It was 5 days after my son was born and I was at Target looking for nursing bras; at the same time, near the dressing rooms- a nurse-in. It didn’t take long for me to know Nursing in Public would be an important part of my life.
Growing-up I would nurse my dolls. I heard stories how all I would take was the breast, more impressive since it was the early 1980’s. My mother was going to school to be a medical assistant, and even nursed me a few times in class. My father would say, and still does, “have boob will travel.” I was fortunate to have been brought up with nursing normalized.
By the time my son was a couple weeks old, I could get a latch by pulling up my shirt and slipping a nipple in his mouth. I was very proud of nursing everywhere, and then one time, at a local chain store, my son woke up hungry, and at 6 weeks old, likely felt the word was going to end if he did not get food immediately... Since it can be difficult for a new mom to get an upset baby to latch, I walked to the benches near the dressing room. The looks I got, while walking over, could not have been dirtier. As I sat down an employee says to me “If you’re going to breastfeed you have to go in the dressing room.” Already distraught over the dirty looks, I said “I am just getting him started then I am going to continue shopping, I have a legal right to nurse here.” She then mumbled and said “well I have no problem with it, but someone might complain.” “I told her I was about to complain about her.” At this point my son is gulping happily. I stood up and have never looked back on nursing in public.
I have nursed at every store, and restaurant, we go to. I have nursed at Church, uncovered, in the main meeting hall. I have had people come up to me and thank me for nursing. I have seen other women and thanked them. There was a time at IKEA that my husband saw a mom hiding in a corner trying to fight an uddercover, and told me to go help her. I bought a bottle of water, brought it over to her. Told her how I have nursed my son while shopping, and that she and baby don’t need to hide unless they wanted to. I told her how awesome she is and thanked her for nursing her child. We talked for a minute and I continued on my way. I feel that the more women that nurse in public, more likely it is that other women will see them and succeed on their own breastfeeding journey. The stigma and disgust that has surrounded breastfeeding in public has always seemed foreign to me. I have worked hard to educate others, by offering information about laws and regulations, to attending, and organizing nurse-ins. My town is lucky enough to have a breastfeeding club that nurses in the park once a month. Formula is a blessing for those that need it, though I feel for those moms who have to worry about packing along, making, and dealing with the cleanup, while out and about. Me I whip out a boob, carry my DS in my arms, carrier, or even sitting in the shopping cart as I lean over, and continue to feed my toddler.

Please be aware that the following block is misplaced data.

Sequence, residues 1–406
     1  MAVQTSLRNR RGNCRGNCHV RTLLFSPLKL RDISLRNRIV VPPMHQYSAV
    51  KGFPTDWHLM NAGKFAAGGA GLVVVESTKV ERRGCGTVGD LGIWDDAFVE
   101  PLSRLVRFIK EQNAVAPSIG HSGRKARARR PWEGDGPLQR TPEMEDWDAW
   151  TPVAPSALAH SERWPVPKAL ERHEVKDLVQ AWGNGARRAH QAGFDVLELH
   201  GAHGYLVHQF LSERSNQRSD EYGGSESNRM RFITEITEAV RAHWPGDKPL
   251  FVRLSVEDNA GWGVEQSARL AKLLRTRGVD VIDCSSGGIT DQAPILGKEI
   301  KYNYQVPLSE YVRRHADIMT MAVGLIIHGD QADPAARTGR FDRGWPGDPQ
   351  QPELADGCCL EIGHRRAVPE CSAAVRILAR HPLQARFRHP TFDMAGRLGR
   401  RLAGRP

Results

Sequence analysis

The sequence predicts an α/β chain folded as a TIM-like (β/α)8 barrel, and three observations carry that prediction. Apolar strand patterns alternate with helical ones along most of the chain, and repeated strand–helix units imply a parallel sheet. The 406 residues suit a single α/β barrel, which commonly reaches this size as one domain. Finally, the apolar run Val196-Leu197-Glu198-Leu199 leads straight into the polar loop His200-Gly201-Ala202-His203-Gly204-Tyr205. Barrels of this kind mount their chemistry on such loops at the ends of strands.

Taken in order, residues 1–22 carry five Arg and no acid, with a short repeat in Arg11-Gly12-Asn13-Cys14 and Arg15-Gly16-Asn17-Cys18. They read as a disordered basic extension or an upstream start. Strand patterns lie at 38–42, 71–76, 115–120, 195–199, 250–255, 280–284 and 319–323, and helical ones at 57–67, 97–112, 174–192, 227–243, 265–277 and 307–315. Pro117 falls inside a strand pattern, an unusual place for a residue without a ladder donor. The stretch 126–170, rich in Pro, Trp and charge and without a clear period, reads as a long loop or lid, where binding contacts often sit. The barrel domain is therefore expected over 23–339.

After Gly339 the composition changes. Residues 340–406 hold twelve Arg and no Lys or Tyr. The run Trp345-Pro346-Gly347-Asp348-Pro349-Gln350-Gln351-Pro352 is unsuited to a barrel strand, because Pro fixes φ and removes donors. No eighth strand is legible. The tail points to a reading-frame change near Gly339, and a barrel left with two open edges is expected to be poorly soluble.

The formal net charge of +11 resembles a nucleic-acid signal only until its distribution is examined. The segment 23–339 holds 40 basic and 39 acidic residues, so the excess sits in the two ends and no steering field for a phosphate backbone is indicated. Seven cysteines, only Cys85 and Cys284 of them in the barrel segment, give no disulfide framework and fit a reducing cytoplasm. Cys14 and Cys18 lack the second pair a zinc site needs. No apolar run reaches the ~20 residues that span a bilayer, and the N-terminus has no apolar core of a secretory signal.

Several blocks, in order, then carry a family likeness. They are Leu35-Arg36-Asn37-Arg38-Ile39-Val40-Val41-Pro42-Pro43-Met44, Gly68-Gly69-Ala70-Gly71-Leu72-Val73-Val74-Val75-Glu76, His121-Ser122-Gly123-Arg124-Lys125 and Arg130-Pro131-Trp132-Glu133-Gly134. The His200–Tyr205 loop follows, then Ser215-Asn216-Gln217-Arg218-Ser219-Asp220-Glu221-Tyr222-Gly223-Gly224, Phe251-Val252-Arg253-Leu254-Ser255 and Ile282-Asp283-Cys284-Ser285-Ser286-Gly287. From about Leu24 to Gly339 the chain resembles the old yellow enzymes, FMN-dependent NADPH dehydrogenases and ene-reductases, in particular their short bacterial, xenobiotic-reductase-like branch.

Tips for nursing-in-public brought to you by Tooele Birth and Breastfeeding
1. Know your laws: if you ever get harassed the law protects you, your baby, and educates the person harrasing you
2. Practice getting a latch while looking in a mirror. You will feel more confident knowing exactly how little is seen, and can figure out ways to make it easier for you.
3. Wear clothes that offer easy access. For me a low cut shirt is best. Others it’s wearing a shirt that can be pulled up. Buttons are great if you are trying to look nice, but can prove frusting when facing a super hungry baby.
4. Don’t hide. A mom cowering in a corner will be notice faster than one going about business as usual. It’s human nature to question why someone is hidding, this leads to more misconseptions on the normalcy of breastfeeding.
5. Hold your baby as you usually would. 99% of people will not be able to tell that you are breastfeeding at all- it looks like a mom and baby cuddling.
6. Find a friend who is comfortable Nursing-In-Public, and go out a few times out together. You will quickly catch on to her comfort level and will feel better about Nursing-In-Public yourself.
7. Other people’s thoughts don’t hurt you. In the overly modest community I live in I often hear the argument that “my husband/son, will have bad thought.” First off give them more credit. Second if they are truly having bad thoughts, whatever they are thinking doesn’t come out and bite you, it stays safely tucked away in their mind.
8. The only person’s opinion who matters on when/where/how you feed your baby is- YOUR BABY.
9. When you see an uninformed security guard coming to talk to you, look them right in the eye. I have seen securtiy personal turn around, and choose not to talk to me, simply by looking them in the eye.
10. If you are harassed and need support 888-nip-free is a great help. (Thank you Best for Babes Foundation)